The Librarian Is In



It is a shame, is it not, that I was 32 before I came to place Audre Lorde within a literary and social context. Middlebury, of all places, gave her to me. Not my undergraduate institution. Not my graduate school experience(s). Not my travels abroad. Rather, my job, as a librarian, on this campus. In college, I took a class called “Hurston, Hughes and Wright,” which studied 20th century literature by black writers. 

But it wasn’t ’til I came here, to rural Vermont, that this black, lesbian, feminist thinker, Audre Lorde, was introduced to me. 

Professor Catharine Wright was engaging the author’s memoir, Zami, in her class, “Outlaw Women,” and I wanted to know more about the content students were reading, so I checked the work out. And Audre Lorde’s name resurfaced again and again on this campus. 

So I began to wonder, “Was there a secret club I didn’t belong to where people learned who this woman was and were made better for it?” 

Then Marcos Rohena-Madrazo, a man I admire, spoke to me about how fabulous Lorde’s Sister Outsider was. So when it became available as an audiobook at go/overdrive/, I checked it out. 

Succinctly, Sister Outsider is a collection, as the book’s cover art suggests, of essays and speeches that, for me, largely questions, for one, who is allowed to participate in feminist discourse and, two, who is considered a producer of knowledge. 

To the first of these questions, Lorde transparently posits that lesbian women have been excluded from feminist discourses that undeniably concern them. 

Second, she lobbies for change that proactively seeks out the most marginalized women to participate publicly in feminist discourse. It’s more: she asks that regular and systematic efforts be made to recruit poor, “colored” and gay women to platforms and gatherings where their rights, livelihoods and well beings are discussed. Her works suggest that an exclusive and exclusionary feminism is no feminism at all.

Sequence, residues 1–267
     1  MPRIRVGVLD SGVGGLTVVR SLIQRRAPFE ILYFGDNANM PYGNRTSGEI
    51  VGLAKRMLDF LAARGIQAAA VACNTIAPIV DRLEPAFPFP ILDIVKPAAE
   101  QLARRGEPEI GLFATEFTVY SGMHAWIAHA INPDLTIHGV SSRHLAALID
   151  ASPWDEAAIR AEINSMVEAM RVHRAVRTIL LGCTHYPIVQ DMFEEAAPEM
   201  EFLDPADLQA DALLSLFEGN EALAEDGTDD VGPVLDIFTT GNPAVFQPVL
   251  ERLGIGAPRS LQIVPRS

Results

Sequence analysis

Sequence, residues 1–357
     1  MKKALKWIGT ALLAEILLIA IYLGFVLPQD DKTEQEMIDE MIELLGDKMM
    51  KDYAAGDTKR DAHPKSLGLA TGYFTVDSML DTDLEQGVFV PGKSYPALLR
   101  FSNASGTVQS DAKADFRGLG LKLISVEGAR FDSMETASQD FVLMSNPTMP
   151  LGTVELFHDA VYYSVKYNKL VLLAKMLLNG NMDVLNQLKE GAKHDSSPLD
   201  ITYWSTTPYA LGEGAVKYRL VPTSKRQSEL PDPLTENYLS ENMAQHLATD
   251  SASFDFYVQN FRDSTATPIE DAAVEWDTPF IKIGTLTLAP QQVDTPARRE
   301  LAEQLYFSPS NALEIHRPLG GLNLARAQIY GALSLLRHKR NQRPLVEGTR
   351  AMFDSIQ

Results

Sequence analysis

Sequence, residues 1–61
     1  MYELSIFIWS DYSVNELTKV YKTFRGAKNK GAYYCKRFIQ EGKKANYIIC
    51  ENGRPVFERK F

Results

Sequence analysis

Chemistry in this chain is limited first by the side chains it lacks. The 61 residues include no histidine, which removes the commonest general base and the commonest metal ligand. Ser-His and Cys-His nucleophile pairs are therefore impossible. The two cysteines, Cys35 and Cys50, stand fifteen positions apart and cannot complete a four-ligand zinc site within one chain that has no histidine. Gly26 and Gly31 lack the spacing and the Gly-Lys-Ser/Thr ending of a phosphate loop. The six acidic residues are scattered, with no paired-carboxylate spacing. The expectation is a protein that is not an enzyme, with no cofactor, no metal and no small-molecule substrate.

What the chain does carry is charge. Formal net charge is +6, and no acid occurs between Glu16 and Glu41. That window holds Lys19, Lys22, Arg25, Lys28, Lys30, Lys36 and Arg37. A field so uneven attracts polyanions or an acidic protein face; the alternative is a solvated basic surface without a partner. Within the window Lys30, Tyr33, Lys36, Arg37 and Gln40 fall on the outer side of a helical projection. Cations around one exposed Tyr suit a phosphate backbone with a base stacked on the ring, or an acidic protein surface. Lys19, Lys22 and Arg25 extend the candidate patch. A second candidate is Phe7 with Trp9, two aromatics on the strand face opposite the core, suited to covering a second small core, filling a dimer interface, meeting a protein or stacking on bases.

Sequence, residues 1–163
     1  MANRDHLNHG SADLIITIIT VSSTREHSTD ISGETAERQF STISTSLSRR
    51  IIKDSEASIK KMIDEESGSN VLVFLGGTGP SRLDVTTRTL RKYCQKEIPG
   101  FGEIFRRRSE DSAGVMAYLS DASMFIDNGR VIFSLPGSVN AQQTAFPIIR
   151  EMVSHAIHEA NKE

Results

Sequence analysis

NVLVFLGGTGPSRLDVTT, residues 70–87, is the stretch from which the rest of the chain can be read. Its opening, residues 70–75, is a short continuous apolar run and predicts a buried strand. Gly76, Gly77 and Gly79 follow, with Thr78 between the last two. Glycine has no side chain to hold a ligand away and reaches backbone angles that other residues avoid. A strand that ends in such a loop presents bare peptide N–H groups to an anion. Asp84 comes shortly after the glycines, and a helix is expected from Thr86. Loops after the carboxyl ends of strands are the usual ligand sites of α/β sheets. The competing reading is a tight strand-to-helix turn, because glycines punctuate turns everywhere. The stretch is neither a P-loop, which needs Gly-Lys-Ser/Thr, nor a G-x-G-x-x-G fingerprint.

With fear of blaspheming, I can’t say that what she said/wrote in her speeches and essays sounded new to me. But perhaps, in the year of my birth, 1984, she was one of the first who found a way to say it publicly and explicitly. Perhaps it is because she said and wrote it then that it sounds rote to me now some 30 plus years later. I do think it’s quite remarkable that I could spend so much time in college, 10 plus years, and not know any of her works intimately. (Who sets the curriculum and for who is it designed? What knowledge is considered worthy and worthwhile? Does education only happen within the classroom?) 

That’s troubling. However, what I appreciate most from what I’ve seen of her oeuvre thus far is actually how very many diverse narratives Lorde represents in one person: she is black, a child of immigrants, a poet, vision-impaired, politically engaged, a lesbian and a mother. Her words, therefore, consider quite a variety of perspectives. 

I’ll be honest: I wasn’t expecting a chapter on her travels to Eastern Europe or an exegesis on Grenadian-U.S. relations. But I got both plus much more. I’d recommend this work to anyone who is beginning to understand and identify their interlocking identities and feels puzzled and/or “shook.” 

For more work like this, I recommend Kimberlé Crenshaw’s work in Critical Race Theory: The Key Writings that Formed the Movement or Crenshaw’s work in Feminist Theory, edited by Wendy K. Kolmar, which I have yet to read.

Learn more about the author at go/katrina. 

Literatures & Cultures Librarian Katrina Spencer is liaison to the Anderson Freeman Center, the Arabic Department, the Comparative Literature Program, the Gender, Sexuality & Feminist Studies (GSFS) Program, the Language Schools, the Linguistics Program and the Department of Luso-Hispanic Studies.